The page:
Ford XY Falcon/Fairmont Wagon 1970-1972 - Buyer's Guide

By: Guy Allen, Cliff Chambers, Photography by: Nathan Jacobs, Coventry Studios

Presented by

ford xy falcon wagon front ford xy falcon wagon front
ford xy falcon wagon rear 2 ford xy falcon wagon rear 2
ford xy falcon wagon front angle ford xy falcon wagon front angle
ford xy falcon wagon rear angle ford xy falcon wagon rear angle
ford xy falcon wagon rear angle 2 ford xy falcon wagon rear angle 2
ford xy falcon wagon blind ford xy falcon wagon blind
ford xy falcon wagon door handle ford xy falcon wagon door handle
ford xy falcon wagon fairmont badge ford xy falcon wagon fairmont badge
ford xy falcon wagon headligh ford xy falcon wagon headligh
ford xy falcon wagon headlights ford xy falcon wagon headlights
ford xy falcon wagon tail light ford xy falcon wagon tail light
ford xy falcon wagon wheel ford xy falcon wagon wheel
ford xy falcon wagon engine bay 3 ford xy falcon wagon engine bay 3
ford xy falcon wagon engine bay 2 ford xy falcon wagon engine bay 2
ford xy falcon wagon engine detail ford xy falcon wagon engine detail
ford xy falcon wagon dash ford xy falcon wagon dash
ford xy falcon wagon dash 2 ford xy falcon wagon dash 2
ford xy falcon wagon fairmont ford xy falcon wagon fairmont
ford xy falcon wagon interior ford xy falcon wagon interior
ford xy falcon wagon radio ford xy falcon wagon radio
ford xy falcon wagon shifter ford xy falcon wagon shifter
ford xy falcon wagon vents ford xy falcon wagon vents

Ford's XY series has become a market favourite over time and it's a shape that survives the wagon treatment pretty well

 

Ford XY Falcon/Fairmont Wagon

Ford’s XY series is one of those weird phenomena that people struggle to describe – it is, for many, the most handsome car Ford ever built in this country. A big statement? Yup. But prove me wrong.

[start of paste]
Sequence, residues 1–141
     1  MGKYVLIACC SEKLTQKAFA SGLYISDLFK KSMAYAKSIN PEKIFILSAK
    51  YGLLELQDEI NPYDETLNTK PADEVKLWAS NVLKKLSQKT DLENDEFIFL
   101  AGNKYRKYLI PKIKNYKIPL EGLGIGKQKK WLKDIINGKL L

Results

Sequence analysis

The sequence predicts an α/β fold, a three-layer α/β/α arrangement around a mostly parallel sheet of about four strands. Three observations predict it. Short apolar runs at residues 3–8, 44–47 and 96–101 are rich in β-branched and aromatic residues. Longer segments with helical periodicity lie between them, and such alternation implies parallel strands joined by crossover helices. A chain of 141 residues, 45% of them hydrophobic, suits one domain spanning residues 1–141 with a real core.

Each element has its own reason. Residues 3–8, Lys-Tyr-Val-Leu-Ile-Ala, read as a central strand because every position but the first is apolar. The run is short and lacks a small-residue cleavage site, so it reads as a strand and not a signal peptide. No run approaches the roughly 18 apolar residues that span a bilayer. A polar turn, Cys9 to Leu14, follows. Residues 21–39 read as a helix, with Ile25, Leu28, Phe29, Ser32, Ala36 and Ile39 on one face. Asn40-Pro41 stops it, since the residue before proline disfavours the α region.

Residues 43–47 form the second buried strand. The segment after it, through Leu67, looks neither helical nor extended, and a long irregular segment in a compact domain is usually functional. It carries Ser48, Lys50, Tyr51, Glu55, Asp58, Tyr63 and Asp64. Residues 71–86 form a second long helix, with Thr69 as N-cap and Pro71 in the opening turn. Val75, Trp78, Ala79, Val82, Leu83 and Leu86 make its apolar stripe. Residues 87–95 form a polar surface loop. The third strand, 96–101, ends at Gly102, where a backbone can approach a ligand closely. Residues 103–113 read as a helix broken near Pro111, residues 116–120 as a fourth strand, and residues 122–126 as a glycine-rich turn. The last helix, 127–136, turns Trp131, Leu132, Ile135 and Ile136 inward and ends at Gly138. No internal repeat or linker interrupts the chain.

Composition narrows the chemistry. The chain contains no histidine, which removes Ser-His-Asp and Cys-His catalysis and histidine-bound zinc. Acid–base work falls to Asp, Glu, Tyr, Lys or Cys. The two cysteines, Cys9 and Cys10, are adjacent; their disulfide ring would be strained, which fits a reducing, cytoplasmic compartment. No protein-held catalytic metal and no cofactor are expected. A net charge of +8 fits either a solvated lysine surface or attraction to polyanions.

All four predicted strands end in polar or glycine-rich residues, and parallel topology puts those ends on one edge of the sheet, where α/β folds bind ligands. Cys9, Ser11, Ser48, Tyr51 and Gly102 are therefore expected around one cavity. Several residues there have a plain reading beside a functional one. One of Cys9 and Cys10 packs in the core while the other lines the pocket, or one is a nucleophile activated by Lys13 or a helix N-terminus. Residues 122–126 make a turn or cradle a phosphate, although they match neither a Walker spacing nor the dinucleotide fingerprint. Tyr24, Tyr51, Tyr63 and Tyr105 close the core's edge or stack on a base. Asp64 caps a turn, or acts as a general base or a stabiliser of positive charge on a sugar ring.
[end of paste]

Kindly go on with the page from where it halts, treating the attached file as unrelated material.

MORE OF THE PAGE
The thing is, the cruel observer might note that, really, you’d have to be a train-spotter of the first order to notice the difference between anything from XR through to XY. An unkind type might even use the description ‘boxy’. Call it what you like, it’s the numbers that tell the story. This is the series to have, with GT prices firmly established in six-figure territory and anything solid hitting new car prices.

Ford -xy -falcon -wagon -1

To be fair, the XY was in fact more than just a cosmetic upgrade from the XW predecessor. Sure it had a new grille, indicators, tail lamps and trim, but it was the under-skin changes which distinguished it. Ford knew Holden’s HQ series was on the way and had to be ready to combat it.

Most significant was the release of the new 4.1 litre straight six engine, which went on to power a variety of Fords (including Falcon, Fairlane and Cortina) for a couple of decades. Though no firebreather, the initial 116kW and eventual 127kW in 2V form was enough to deliver very solid performance.

Ford -xy -falcon -wagon -rear -angle

Typically for the time, what you ended up with was hugely influenced by how you and the salesperson manipulated the order form in the dealership. The choices were huge. Few went for the flamboyant GTs, but a more humble Fairmont (which is the model you see here) could be optioned up into something with real teeth. Two V8s were on offer – the 302 and 351 – which automatically saw the brakes upgraded to discs at the front. Then you could opt for four-speed manual or three-speed auto, a limited slip diff, plus a variety of dress-up options, including the sporty GS pack.